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The Joys of Art

Sunday, March 19, 2006

The Lost Ones

The Lost Ones---Lauryn Hill


15 And the serpent cast out of his mouth water as a flood after the woman, that he might cause her to be carried away of the flood.

16 And the earth helped the woman, and the earth opened her mouth, and swallowed up the flood which the dragon cast out of his mouth.

17 And the dragon was wroth with the woman, and went to make war with the remnant of her seed, which keep the commandments of God, and have the testimony of Jesus Christ.



If I Ruled the World---NAS featuring Lauryn Hill



Katrina aid delay blasted by clergy group
'What's wrong with today or tomorrow? It's too late in June'
Saturday, March 18, 2006
By Keith Darcé
Staff writer
With angry tones in their voices, clergy from more than 100 cities called on Washington lawmakers to end their squabbling over $4.2 billion in federal money earmarked to rebuild hurricane-damaged housing in Louisiana, and to direct more money to evacuated residents trying to return to the New Orleans area.

"We stand here in solidarity in New Orleans to say that something has to be done to change things," said Monsignor Robert McDermott of St. Joseph's Cathedral in Camden, N.J.

McDermott decried recent reports that U.S. Senate leaders might hold up consideration of the housing assistance until June. "What's wrong with today or tomorrow? It's too late in June. It has to happen now," he said.

The clergy, representing 30 church denominations, gathered on the steps of Mount Moriah Baptist Church in the 9th Ward following a three-hour bus tour of flooded neighborhoods in the city. They were in New Orleans for a summit organized by People Improving Communities through Organizing, or PICO, a national network of interfaith organizations that work to improve living conditions in poor neighborhoods. Most are relatively unknown in New Orleans.

Wrecked houses line the street around Mount Moriah, and the surrounding neighborhood that used to be home to the church's 500 members remains largely abandoned. The Louisa Street church suffered about $500,000 in damage and remains closed, said the pastor, the Rev. Donald Robinson.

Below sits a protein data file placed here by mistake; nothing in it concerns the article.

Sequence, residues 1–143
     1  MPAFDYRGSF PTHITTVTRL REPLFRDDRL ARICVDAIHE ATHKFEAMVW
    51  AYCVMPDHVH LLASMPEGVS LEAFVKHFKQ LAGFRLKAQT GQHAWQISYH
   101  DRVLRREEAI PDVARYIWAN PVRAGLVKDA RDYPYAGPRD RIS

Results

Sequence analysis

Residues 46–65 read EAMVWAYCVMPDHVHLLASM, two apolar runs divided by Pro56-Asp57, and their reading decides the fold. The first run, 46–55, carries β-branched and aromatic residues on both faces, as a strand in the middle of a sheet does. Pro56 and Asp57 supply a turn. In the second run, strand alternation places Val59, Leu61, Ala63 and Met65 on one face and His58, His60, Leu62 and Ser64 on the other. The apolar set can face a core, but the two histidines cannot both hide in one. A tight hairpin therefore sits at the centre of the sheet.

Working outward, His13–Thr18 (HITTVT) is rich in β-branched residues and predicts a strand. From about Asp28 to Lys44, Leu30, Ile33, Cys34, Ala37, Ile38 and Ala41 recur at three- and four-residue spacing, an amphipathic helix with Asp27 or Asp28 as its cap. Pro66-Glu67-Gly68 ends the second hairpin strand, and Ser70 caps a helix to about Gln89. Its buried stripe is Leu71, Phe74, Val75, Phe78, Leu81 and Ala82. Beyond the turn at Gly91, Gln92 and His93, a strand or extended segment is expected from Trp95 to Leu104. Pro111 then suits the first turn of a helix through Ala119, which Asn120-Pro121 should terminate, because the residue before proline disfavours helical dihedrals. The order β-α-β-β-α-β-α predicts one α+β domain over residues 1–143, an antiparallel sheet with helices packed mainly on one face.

The clergy members said Congress has moved too slowly to put money into the hands of evacuees for repairing their homes and reviving their communities.

"Not a penny of federal aid has reached families to help them rebuild," said the Rev. Heyward Wiggins III, pastor of Camden (N.J.) Bible Tabernacle.

Others said the personal needs of hurricane victims are getting lost in the deal-making that guides much of what happens in Washington. "What is happening in New Orleans is not about morality or spirituality," said the Rev. Timothy McDonald of Atlanta's First Iconium Baptist Church. "It's about politics."

The religious leaders promised to use their congregations to launch grass-roots lobbying efforts supporting more federal aid for housing reconstruction in New Orleans. The campaigns will target key lawmakers who hold sway over congressional purse strings, such as Sen. Kit Bond, R-Mo., who is a member of the Appropriations Committee and chairs the Subcommittee on Transportation, Treasury and Housing and Urban Development. Bond is among the 59 senators who have yet to visit New Orleans since the hurricane.

The Rev. Rayfield Burns of Kansas City, Mo., said he will lead an effort in his home state to persuade Bond to travel to New Orleans and to support the proposed housing reconstruction appropriation. "We need to get Sen. Bond on our side," he said.

Messages left at Bond's Washington office were not returned Friday afternoon.

The group wraps up its visit today when it joins members of All Congregations Together New Orleans for a 10:30 a.m. meeting with local and state officials at Our Lady of Guadelupe Catholic Church, 411 North Rampart St.

. . . . . . .


Keith Darcé can be reached at kdarce@timespicayune.com or (504) 826-3491.

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